In reply to Mr Donaldson, I beg to say, that when we bought our plant from "Fisher, Holmes, & Co.," of Handsworth Nurseries, Sheffield, Mr Fisher informed us that it was the true variety, as sent out by Messrs Veitch of Chelsea, and that was the first time we heard of there being a doubtful variety in the market. Our plant is now growing fast, and showing flower-buds, and I have just examined many of last year's and this year's leaves, and find, that the glands vary in number, but in no instance have I observed less than two pairs; sometimes there are three pairs, and frequently the third pair, nearest the base of the leaf, is only represented by a single gland on one side. It may be useful to know, and perhaps Mr Donaldson will be kind enough to inform your readers, if his plant differs from ours in this respect. From what I have seen of this Passiflora at different times, it seems to me that the only conditions needful to induce a fruitful habit are - a pine-stove temperature, top and bottom, abundance of light, a limited rooting-space, careful impregnation of the flowers, and last, but not least, to be careful, in pruning, to remove what shoots are not wanted entirely, and allow those that are retained to grow as much as they will during the season without stopping.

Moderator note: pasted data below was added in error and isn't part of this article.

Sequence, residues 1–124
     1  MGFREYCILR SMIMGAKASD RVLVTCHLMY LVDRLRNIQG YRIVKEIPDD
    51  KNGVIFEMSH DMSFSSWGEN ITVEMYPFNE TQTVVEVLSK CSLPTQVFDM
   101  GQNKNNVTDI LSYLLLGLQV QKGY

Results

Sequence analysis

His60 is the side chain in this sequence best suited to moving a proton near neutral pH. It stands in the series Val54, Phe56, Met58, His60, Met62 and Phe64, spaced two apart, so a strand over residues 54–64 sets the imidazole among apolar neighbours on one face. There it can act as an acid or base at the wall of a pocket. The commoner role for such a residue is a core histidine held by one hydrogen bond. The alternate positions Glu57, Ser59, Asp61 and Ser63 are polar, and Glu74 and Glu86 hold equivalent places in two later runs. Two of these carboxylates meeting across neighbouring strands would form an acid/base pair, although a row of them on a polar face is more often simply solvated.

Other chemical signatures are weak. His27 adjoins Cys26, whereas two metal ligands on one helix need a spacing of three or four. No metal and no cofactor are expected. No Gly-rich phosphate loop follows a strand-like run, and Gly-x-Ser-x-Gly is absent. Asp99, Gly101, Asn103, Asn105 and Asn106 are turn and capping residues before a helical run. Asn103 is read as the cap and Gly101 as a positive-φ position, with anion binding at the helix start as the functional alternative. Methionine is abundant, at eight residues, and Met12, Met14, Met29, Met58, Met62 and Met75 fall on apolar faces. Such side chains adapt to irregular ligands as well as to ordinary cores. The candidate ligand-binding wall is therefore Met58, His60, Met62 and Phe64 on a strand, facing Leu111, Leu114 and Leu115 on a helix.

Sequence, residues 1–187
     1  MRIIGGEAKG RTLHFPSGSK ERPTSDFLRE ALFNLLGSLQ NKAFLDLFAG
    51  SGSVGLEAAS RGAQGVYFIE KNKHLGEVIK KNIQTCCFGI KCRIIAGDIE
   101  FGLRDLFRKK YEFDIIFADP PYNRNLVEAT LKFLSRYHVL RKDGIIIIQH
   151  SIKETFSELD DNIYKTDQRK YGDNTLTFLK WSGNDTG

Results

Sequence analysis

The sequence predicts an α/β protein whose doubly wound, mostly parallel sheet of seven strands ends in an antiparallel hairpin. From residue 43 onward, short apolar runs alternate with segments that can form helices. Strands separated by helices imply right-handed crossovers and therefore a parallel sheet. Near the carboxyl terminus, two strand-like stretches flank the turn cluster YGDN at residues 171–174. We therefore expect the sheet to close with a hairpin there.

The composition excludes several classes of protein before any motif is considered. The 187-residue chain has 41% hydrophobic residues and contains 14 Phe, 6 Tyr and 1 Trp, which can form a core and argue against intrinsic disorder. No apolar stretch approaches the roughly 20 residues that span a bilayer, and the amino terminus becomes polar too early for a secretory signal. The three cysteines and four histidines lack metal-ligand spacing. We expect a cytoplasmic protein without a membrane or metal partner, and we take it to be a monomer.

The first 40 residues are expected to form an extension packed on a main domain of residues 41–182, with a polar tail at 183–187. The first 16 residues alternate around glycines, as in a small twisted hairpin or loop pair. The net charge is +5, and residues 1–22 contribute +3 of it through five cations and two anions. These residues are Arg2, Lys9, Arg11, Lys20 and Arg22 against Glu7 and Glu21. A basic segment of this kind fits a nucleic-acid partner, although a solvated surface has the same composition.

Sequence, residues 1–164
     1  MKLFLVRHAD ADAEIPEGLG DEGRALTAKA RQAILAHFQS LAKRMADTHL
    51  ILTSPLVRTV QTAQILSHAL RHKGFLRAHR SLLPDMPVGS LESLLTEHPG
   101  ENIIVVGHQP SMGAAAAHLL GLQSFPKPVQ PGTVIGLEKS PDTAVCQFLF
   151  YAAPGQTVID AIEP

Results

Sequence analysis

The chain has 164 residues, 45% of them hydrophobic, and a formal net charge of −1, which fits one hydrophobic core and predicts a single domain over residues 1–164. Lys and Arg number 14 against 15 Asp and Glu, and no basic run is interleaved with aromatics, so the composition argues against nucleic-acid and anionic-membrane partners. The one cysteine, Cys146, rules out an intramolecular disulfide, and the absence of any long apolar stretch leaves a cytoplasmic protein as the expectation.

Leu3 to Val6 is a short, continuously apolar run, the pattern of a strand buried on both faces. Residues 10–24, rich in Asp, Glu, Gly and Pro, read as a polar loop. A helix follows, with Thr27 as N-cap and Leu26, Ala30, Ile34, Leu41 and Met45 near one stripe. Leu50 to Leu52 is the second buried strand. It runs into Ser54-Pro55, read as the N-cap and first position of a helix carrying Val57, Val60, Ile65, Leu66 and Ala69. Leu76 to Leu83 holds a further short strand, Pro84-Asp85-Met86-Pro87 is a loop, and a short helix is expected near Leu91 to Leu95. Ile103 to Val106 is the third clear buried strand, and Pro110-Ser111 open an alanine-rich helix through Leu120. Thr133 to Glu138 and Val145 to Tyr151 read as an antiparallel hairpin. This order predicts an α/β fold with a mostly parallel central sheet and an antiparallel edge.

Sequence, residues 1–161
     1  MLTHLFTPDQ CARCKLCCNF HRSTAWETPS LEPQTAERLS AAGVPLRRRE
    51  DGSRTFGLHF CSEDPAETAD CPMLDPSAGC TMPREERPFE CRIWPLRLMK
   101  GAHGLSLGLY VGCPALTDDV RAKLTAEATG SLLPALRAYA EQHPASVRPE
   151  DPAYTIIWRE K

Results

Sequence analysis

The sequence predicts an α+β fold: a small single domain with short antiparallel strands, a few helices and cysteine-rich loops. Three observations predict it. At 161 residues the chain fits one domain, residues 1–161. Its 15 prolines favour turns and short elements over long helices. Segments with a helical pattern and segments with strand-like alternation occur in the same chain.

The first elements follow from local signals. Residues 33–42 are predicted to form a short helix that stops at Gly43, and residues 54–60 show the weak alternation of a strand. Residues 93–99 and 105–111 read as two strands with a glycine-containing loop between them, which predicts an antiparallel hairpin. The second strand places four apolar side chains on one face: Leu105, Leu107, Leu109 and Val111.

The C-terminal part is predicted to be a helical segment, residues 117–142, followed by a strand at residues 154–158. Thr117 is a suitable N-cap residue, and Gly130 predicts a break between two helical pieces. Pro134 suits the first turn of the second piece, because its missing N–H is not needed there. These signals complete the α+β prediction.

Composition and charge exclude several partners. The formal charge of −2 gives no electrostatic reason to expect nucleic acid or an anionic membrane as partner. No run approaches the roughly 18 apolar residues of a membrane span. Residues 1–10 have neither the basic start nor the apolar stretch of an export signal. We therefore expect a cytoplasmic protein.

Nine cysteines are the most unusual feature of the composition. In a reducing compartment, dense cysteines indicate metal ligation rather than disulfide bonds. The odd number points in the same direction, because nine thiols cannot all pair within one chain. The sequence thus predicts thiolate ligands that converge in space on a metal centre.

This, at all events, has been our practice, with what results I have already stated. Many gardeners and others saw our plant, and remarked the heavy crop, considering the age of the plant - among others Mr Fowler of Harewood, who has long grown and fruited it also; and he was of opinion that it would still drop part of its fruit. It did not, however; and in consequence of the fruit all ripening about the same time, we had more fruit than we could find use for, and we disposed of a large number of them to a fruiterer. The flowers were all impregnated with their own pollen: we had no other Passiflora in bloom on the place. J. Simpson.

Passiflora Quadrangularis #1

I have to thank Mr Simpson for his courteous reply to my inquiry anent the glands of his P. quadrangularis, and in return have to state that our plant in the Cucumber-house - which, we trust, will carry fruit this season - has from four to six glands on a leaf-stalk. Last year we removed a plant with small leaves, on which we never observed more than four glands on a leaf-stalk. As a climber, it was grand with its hundreds of bluish or lilac-rayed and sweet-scented flowers, which it produced in early spring and late autumn. We had it also for P. quadrangularis. We have grown the Buonapartea and Billottii; with us they produced large flowers, but few of them. We have fruited the P. edulis for a number of years, and we would advise those who have a spare wire in a plant-stove or intermediate house to give it a trial. The flowers which it produces are not sensational, but the dark purple-coloured fruit look well on the plant, and are highly esteemed by some for dessert. G. Donaldson.

Keith Hall.